Truth Before Reconciliation: Listening to Survivors
Canada’s National History Society with the National Centre for Truth and Reconciliation
|This lesson corresponds with the poem “For My Nieces,” by Makayla Webkamigad, on page 6 of the publication Truth Before Reconciliation: Listening to Survivors.
This lesson explores the importance of listening to stories, the issues of appropriation of Indigenous stories, and the protocols around telling a story. Students will have an opportunity to explore and tell some Indigenous stories in a respectful way.
In this lesson students will:
- gain a deeper understanding of the ways Indigenous Peoples share knowledge through stories
- learn about protocols regarding the sharing of Indigenous stories
- better understand the concept of appropriation
|For Indigenous Peoples, stories have been a way of building relationships with all things since time immemorial. The themes within the stories inform Indigenous people about their cultural ways of being, their values, and how to live in a good way within the world. Stories educate the mind, body, and spirit. Stories are sacred and living processes that are passed from generation to generation. Stories can also be lived experiences with many being closer to the present, like the stories of Residential School Survivors.
It is important to keep cultural and emotional safety in mind when sharing some of the sensitive stories of Indigenous Peoples. Cultural safety is an approach that considers how social, cultural, and historical contexts and interpersonal power imbalances have existed and continue to shape educational experiences. It is important to demonstrate respect and be aware of stereotypes or misconceptions. Indigenous students should not be called upon to speak but rather should choose on their own whether they wish to share their knowledges and experiences. Allow students safe spaces if the stories are too sensitive for them.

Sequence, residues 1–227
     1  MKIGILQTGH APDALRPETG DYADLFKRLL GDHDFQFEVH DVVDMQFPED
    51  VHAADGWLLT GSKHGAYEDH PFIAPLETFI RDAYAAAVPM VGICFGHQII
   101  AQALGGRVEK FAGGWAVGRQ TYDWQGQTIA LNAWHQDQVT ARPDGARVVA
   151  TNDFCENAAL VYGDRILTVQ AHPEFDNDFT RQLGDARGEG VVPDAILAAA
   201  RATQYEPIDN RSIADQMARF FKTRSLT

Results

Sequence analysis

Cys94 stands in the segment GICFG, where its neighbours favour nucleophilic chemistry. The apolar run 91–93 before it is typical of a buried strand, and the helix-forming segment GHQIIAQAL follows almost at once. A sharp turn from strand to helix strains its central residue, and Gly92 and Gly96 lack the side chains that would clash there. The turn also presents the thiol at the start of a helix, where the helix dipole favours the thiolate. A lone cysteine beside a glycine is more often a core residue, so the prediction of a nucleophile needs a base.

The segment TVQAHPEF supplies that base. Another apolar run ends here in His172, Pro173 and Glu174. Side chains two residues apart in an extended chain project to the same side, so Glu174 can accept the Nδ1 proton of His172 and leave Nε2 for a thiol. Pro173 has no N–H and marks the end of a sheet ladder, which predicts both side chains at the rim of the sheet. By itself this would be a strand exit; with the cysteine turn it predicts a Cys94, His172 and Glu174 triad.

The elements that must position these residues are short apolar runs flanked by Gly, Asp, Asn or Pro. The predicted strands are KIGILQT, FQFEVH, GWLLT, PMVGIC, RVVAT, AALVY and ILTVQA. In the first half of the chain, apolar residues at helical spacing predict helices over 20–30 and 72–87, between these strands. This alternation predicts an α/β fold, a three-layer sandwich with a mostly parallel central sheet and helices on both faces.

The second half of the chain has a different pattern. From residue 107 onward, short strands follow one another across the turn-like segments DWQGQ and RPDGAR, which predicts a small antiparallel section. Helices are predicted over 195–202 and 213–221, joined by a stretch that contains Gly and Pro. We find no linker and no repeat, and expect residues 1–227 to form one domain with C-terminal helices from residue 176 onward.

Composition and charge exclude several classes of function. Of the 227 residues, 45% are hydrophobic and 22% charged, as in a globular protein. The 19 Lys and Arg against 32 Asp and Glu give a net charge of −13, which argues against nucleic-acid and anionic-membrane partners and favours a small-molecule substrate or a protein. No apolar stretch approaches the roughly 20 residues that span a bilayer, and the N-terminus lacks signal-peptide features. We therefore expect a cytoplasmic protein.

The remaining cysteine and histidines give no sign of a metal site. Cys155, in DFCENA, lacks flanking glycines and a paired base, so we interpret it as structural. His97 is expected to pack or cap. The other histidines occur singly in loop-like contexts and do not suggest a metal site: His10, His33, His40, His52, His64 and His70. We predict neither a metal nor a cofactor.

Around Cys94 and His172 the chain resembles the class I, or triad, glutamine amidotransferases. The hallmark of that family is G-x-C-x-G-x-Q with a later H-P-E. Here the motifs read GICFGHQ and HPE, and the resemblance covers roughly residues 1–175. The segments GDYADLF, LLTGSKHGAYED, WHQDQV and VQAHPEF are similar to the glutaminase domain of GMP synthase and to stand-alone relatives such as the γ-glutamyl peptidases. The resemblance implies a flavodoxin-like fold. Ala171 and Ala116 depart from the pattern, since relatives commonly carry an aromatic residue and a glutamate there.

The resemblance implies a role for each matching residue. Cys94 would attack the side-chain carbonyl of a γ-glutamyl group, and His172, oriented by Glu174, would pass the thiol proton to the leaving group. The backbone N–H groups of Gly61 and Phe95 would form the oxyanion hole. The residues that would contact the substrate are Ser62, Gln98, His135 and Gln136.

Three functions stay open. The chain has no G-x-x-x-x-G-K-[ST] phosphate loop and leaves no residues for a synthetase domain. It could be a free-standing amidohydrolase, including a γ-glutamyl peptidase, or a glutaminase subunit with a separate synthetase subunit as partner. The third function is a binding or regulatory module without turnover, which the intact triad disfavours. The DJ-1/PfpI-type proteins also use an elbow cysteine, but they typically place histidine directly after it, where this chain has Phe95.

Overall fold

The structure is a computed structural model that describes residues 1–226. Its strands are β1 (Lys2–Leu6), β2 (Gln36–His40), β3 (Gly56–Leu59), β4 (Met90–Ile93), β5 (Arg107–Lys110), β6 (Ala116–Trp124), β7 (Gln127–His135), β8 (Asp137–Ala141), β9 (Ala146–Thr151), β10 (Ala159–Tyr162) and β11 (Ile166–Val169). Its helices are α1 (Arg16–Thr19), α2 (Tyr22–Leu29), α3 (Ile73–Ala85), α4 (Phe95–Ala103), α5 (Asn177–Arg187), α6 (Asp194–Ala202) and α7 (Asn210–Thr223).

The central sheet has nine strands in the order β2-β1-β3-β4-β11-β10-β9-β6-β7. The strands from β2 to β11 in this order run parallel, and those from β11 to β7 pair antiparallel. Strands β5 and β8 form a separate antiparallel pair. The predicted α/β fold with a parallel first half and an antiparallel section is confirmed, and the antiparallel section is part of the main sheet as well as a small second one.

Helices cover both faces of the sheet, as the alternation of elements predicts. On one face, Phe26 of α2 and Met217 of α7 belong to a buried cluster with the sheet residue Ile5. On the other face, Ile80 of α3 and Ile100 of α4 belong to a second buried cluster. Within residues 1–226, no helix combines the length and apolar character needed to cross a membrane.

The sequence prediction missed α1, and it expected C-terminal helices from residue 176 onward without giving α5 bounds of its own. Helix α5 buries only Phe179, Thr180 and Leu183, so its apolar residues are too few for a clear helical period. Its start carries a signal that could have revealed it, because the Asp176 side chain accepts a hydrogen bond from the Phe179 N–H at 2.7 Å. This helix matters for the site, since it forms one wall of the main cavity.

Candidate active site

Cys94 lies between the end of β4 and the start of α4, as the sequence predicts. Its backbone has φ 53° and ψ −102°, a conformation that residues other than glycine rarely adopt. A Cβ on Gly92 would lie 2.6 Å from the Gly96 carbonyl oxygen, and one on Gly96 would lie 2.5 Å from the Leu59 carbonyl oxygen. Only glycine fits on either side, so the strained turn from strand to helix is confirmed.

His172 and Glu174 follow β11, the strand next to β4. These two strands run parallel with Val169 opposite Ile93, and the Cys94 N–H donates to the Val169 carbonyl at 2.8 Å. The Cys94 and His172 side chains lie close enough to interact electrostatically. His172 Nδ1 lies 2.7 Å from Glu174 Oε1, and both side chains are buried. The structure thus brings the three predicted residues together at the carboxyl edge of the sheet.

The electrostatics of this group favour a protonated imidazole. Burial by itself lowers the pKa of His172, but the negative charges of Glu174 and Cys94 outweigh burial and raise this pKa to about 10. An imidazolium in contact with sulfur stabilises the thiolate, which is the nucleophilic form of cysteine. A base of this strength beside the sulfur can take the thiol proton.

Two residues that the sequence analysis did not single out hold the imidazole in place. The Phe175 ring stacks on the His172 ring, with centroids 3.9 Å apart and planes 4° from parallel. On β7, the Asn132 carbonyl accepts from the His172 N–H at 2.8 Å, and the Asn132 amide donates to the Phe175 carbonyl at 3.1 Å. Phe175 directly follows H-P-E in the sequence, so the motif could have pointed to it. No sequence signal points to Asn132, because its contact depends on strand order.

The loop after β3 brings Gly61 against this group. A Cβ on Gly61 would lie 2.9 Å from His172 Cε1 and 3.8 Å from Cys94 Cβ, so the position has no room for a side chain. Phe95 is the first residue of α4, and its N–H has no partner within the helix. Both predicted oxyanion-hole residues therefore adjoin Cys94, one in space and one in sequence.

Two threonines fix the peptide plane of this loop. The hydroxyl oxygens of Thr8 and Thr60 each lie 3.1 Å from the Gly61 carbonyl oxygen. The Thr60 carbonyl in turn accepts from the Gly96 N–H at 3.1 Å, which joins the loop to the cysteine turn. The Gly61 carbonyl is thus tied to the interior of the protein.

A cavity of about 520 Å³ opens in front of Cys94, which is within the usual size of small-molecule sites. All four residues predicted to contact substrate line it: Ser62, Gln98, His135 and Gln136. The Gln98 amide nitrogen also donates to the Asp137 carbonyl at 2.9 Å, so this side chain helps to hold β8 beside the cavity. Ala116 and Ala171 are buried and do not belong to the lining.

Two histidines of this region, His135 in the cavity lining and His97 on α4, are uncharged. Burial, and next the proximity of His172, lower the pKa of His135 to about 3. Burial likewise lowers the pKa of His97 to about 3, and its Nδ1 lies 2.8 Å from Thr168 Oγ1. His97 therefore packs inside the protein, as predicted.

- Ask students: When a person is telling a story, why is it respectful to listen without interrupting? What makes a good story listener? Explain that respectful story listeners:
- Understand that they have a responsibility to listen and learn, because a story is a gift that a storyteller has chosen to share.
- Allow the person telling the story to do so without interruptions, which can make the person forget what they were saying and lose their flow.
- Remain focused on the story without talking to the person beside them or looking around too much.
- Listen with body language and brain, not just ears.
- Have students work with a partner or in small groups to share a short personal story. Tell them to be respectful when listening. You may provide a story prompt, such as: a time when they were very scared; a time they saw a wild animal, such as a bear; the best birthday party or gathering they ever attended).
- Have a student share a story that their partner or group member told. Before they tell the story have them ask the story “author” if it is all right to share their story with the whole group.